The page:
Insurance Services: The Kingdom has established a cooperative insurance system based on Islamic Law and has taken a number of steps to liberalize the regime, as permitted by Islamic Law. The most important steps are: (i) permitting distribution of surplus of insurance operations between the shareholders and policy holders in the ratio of 90/10, respectively; (ii) allowing foreign insurance providers to establish and operate branches in Saudi Arabia (implementing regulations expected before May 2006); and (iii) providing a three-year transition period (starting April 13, 2005) during which foreign entities already providing non-cooperative insurance services in The Kingdom may continue to do so and, moreover, may offer new products and services to clients, as set out in the Saudi Services Schedule.
Strengthened IPR Laws, Including Enforcement Mechanisms
The Kingdom has completely revamped its IPR regime, including establishing new IPR laws and enforcement mechanisms. The Kingdom’s new laws and implementing regulations provide full protection for all intellectual property rights, as required by the WTO TRIPs Agreement and related international conventions. The Kingdom has promulgated new laws and implementing regulations in the following areas: copyrights; trademarks; geographical indications; trade names; commercial data and protection of confidential data; border measures; and patents, layout designs of integrated circuits, plant varieties and industrial designs.
As for strengthening enforcement, the rights established by each of the laws noted above are coupled with the necessary enforcement mechanisms and enforcement capacity. Provisions for penalties for violations have been substantially strengthened.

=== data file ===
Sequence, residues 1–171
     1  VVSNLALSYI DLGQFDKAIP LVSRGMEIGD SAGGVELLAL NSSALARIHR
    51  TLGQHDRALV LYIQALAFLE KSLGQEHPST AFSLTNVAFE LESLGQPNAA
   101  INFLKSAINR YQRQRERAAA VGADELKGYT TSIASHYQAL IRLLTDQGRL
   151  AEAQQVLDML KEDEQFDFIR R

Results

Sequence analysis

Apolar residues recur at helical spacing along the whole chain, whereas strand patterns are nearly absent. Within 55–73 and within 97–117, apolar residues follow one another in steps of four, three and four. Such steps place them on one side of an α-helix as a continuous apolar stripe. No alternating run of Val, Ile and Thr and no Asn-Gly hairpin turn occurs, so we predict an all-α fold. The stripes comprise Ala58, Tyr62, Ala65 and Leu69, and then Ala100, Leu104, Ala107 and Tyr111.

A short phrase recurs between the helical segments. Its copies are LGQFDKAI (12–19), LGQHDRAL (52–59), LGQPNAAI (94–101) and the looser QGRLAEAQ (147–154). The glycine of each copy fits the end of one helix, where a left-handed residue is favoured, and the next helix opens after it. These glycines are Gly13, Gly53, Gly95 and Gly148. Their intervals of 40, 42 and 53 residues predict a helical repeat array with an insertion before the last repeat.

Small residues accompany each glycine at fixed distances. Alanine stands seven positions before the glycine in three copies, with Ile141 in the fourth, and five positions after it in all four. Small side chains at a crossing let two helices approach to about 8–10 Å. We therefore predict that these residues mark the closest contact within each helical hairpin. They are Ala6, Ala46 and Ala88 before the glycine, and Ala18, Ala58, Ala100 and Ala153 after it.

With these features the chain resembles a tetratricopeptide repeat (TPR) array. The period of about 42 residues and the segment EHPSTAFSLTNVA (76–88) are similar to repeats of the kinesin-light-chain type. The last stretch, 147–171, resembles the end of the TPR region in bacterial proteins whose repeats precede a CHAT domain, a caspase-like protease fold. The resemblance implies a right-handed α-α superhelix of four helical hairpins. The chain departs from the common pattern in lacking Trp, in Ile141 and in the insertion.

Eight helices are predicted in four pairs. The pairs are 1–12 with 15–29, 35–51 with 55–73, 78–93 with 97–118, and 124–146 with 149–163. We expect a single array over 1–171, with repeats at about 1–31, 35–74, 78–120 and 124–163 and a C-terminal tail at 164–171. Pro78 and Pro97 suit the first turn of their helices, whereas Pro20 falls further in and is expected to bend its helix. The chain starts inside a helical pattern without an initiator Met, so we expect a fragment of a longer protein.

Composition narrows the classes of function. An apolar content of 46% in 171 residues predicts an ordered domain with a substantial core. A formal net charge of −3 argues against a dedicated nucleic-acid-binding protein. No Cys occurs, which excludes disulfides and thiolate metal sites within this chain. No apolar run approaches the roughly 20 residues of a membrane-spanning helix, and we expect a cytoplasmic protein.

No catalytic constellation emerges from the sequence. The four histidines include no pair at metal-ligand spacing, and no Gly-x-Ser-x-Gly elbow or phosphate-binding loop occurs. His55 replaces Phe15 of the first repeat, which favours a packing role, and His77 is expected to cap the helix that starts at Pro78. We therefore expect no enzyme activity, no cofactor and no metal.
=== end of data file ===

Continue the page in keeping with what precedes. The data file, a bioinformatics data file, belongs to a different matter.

In addition, The Kingdom is working diligently to reduce the patent backlog. The Kingdom has taken a number of steps, including streamlining the application process and hiring new patent examiners to substantially increase staffing levels.
Opening The Agriculture Sector
Saudi Arabia has substantially increased market access for agricultural and processed food products. It has opened Saudi agricultural and processed food markets through tariff reductions and reduced restrictions on distribution. Also, it has reduced the role played in Saudi agriculture markets by the Saudi Grain Silos and Flour Mills Organization (GSFMO) and has included GSFMO on the list of government entities subject to privatization.
In addition, Saudi Arabia has established a new Sanitary and Phytosanitary (SPS) Regime. Saudi Arabia has conformed its SPS regime to the provisions of the WTO SPS Agreement and other international standards. As part of this process, Saudi Arabia withdrew the “shelf life standard” (which many WTO Members had criticized) and replaced it with the widely used (and WTO-consistent) system of “use-by” dates. The Kingdom also reexamined and explained all of its SPS measures, removing several to which some WTO Members had objected. Saudi Arabia has established a Standing Committee on SPS Measures to ensure continued compliance with WTO rules and international standards. The Ministry of Commerce and Industry has been named the enquiry point for all SPS issues to streamline the process by which problems and issues are raised and resolved.
Looking to the Future
As a WTO Member, Saudi Arabia will participate in the ongoing Doha Round of multilateral trade negotiations. Saudi Arabia’s full participation in the global trading system will increase opportunities for companies wishing to invest and do business in Saudi Arabia and, at the same time, provide opportunities for Saudi business entities. Saudi Arabia’s participation will increase economic stability and predictability, and will strengthen the ongoing processes by which Saudi Arabia’s economy and legal regimes become more open and transparent.